## Problem

Given a matrix of m x n elements (m rows, n columns), return all elements of the matrix in spiral order.

For example, Given the following matrix:

```[
[ 1, 2, 3 ],
[ 4, 5, 6 ],
[ 7, 8, 9 ]
]
```

You should return [1,2,3,6,9,8,7,4,5].

## Solution

Code first:

```vector<int> spiralOrder(vector<vector<int> > &matrix) {
vector<int> result;
if (matrix.size() < 1)
return result;
int top = 0;
int button = matrix.size() - 1;
int left = 0;
int right = matrix.size() - 1;
while (top <= button && left <= right) {
for (int x = left; x <= right; x++) { //left to right
result.push_back(matrix[top][x]);
}
top++;

for (int y = top; y <= button; y++) { //top to button
result.push_back(matrix[y][right]);
}
right--;
if (button >= top) { // check if the button line haven't been pushed
for (int x = right; x >= left; x--) {
result.push_back(matrix[button][x]);
}
button--;
}

if (right >= left) { //check if the left line haven't been pushed
for (int y = button; y >= top; y--) {
result.push_back(matrix[y][left]);
}
left++;
}

}
return result;
}
```

The solution is easy to understand, just iterate upper left -> upper right -> lower right -> lower -> left -> upper left. So we need four variable top, button, left, right to shrink to center step by step. The only tricky part is when we move from right to left and button to top, we should check if there are still space for this two operations. In fact, when I implement this, I debugged almost one hour and than find this.

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### LeetCode Rotated Sorted Array Problems

There are 4 problems about rotated sorted array, the sorted array is like [0 , 1, 2, 3, 4, 5], and the rotated sorted array is separating the sorted array to two parts and exchange the position of them. So one rotated array of above is [3, 4, 5, 0, 1, 2]. The fist two problems is Search in Rotated Sorted Array and Search in Rotated Sorted Array II. The difference is the first one's array have no duplicate and the second one may have duplicated elements. The method to solve the two question is the same. Here is the code for first question:

```int search(int A[], int n, int target) {
int lo = 0;
int hi = n - 1;
int mid;
while (lo <= hi) {
mid = lo + (hi - lo) / 2;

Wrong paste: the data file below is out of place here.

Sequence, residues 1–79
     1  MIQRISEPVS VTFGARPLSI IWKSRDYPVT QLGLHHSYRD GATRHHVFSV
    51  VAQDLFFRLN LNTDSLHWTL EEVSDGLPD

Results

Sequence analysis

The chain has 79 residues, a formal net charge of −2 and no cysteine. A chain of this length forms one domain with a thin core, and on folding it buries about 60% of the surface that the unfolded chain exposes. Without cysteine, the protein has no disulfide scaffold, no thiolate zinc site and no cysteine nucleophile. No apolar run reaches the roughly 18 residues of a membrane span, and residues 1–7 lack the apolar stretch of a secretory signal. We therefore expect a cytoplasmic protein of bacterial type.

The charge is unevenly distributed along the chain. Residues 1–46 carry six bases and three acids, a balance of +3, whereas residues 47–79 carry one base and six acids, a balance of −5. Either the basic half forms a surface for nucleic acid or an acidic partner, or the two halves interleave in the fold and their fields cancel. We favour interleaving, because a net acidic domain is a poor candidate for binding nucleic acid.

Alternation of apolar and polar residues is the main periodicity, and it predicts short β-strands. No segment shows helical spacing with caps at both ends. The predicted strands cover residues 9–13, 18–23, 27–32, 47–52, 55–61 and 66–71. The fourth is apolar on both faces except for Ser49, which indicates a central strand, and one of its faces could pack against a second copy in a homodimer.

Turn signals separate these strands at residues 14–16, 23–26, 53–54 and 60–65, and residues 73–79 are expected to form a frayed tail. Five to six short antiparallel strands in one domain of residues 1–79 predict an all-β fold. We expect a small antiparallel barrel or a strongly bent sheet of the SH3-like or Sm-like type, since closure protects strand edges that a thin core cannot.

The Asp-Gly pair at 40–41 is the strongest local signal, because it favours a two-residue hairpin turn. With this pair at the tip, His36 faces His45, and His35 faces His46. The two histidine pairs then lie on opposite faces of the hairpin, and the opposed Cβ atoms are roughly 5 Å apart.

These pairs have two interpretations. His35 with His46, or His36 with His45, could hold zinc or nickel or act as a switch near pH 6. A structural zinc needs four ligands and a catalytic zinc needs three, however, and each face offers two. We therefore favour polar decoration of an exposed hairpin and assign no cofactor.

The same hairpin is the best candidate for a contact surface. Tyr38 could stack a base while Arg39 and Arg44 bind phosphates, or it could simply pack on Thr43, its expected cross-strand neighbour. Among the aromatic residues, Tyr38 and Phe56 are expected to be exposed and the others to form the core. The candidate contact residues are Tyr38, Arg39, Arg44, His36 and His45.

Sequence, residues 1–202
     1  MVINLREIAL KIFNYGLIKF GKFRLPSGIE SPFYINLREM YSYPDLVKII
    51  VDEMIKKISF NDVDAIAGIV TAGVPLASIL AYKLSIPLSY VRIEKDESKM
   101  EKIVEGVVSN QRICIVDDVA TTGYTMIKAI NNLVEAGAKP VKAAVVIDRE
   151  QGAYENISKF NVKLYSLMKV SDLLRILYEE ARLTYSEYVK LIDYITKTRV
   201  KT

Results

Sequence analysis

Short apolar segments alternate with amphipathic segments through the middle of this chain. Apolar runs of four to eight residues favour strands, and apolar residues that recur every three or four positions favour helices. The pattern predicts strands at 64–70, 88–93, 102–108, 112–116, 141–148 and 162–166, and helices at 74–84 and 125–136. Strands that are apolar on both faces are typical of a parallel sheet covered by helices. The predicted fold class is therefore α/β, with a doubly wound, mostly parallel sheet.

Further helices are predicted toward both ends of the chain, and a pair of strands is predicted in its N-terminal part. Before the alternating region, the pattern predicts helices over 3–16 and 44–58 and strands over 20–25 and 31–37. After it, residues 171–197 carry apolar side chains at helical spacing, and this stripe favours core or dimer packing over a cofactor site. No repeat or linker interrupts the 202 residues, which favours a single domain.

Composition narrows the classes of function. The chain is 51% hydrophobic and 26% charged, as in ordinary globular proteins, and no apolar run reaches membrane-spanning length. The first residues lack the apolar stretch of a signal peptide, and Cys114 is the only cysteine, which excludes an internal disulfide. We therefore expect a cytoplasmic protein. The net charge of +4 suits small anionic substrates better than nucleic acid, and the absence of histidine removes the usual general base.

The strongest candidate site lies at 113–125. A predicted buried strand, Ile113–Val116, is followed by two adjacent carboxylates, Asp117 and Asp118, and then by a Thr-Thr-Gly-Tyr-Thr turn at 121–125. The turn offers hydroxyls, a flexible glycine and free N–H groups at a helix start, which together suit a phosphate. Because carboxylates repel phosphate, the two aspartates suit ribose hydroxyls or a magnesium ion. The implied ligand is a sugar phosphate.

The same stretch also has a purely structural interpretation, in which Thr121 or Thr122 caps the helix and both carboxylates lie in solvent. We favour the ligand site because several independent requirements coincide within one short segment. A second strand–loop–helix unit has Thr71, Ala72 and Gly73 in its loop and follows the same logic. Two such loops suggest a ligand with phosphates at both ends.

if (target == A[mid]) {
return mid;
}
if (A[lo] < A[mid]) {// target in left part, when no duplicate, change "<" to "<=".
if (A[lo] <= target && target <= A[mid]) {
hi = mid - 1;
}
else {
lo = mid + 1;
}
}
else if (A[lo] > A[mid]) { //target in right part. when no duplicate, change to else here.
if (A[mid] <= target && target <= A[hi]) {
lo = mid + 1;
}
else {
hi = mid - 1;
}
}
else { // handle duplicated cases
lo++;
}
}
return -1;
}
```

In fact, the code above also could handle the cases contain duplicated elements. When there are duplicated elements, we do know target in which part, so just let "lo" increase by one. If there have no duplicates, the time complexity is O(logn), just like binary search for a sorted array. if there are duplicated cases, the worst time complexity is O(n) for a array like [3, 3, 3, 3, 1, 3, 3].

The other two problem is Find Minimum in Rotated Sorted Array and Find Minimum in Rotated Sorted Array II. These two questions also could use binary search to solve, and just like the above two problems, the difference is whether there are duplicated elements. Here is the code:

```int findMin(vector<int> &num) {
int lo = 0;
int hi = num.size() - 1;
int mid = 0;

while(lo < hi) {
mid = lo + (hi - lo) / 2;

if (num[mid] > num[hi]) { //minimum in right side
lo = mid + 1;
}
else if (num[mid] < num[hi]) { //mininum in left side
hi = mid;
}
else { // when num[mid] and num[hi] are same
hi--;
}
}
return num[lo];
}
```

Just as first two questions, this could handle the duplicated elements. This part of problems compare middle elements with "hi" elements, we also could compare middle and "lo" elements.

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## Problem

Given an integer n, return the number of trailing zeroes in n!. Note: Your solution should be in logarithmic time complexity.

This is a newly added problem in LeetCode, just yesterday. As a Chinese, I firstly searched what is "Trailing Zeros". OK, it's just the zeros at the end of a decimal number.
Before a depth thinking, I have known that the number of trailing zeros have a close relationship with the number of "5". So I wrote a small python script to try factorials below 10!. Here is the result:
```1  1
2  2
3  6
4  24
5  120
6  720
7  5040
8  40320
9  362880
10 3628800
```

Looks like the number of trailing zeros is associated with the number of numbers could be divided by 5, so I wrote answer:
int trailingZeroes(int n) { return n / 5; }
While, it's still hard to me to get the right answer just one submit. When the input is 30, the right answer is 7 but my answer is 6. OK, I printed out all the factorials less than 28, something aren't went well after 25:
```24 620448401733239439360000
25 15511210043330985984000000
26 403291461126605635584000000
```

After multiplied by 25, there increased 2 zeros. 25 is the square of 5, so it multiplied two 5 to 24!, so it added 2 zeros. Same thing, 125 means there are three 5 multiplied to last number, added 3 zeros. Looks like for factorial, the result is,
```return n / 5 + n / 25 + n / 125 + n / 625 + n / 3125;
```

This could pass the test in LeetCode, but if n is too large, this is not a universal result. The best is
```int trailingZeroes(int n) {
int c = 0;
while (n >= 5) {
n /= 5;
c += n;
}
return c;
}
```

By the way, StackEdit is a great!!!
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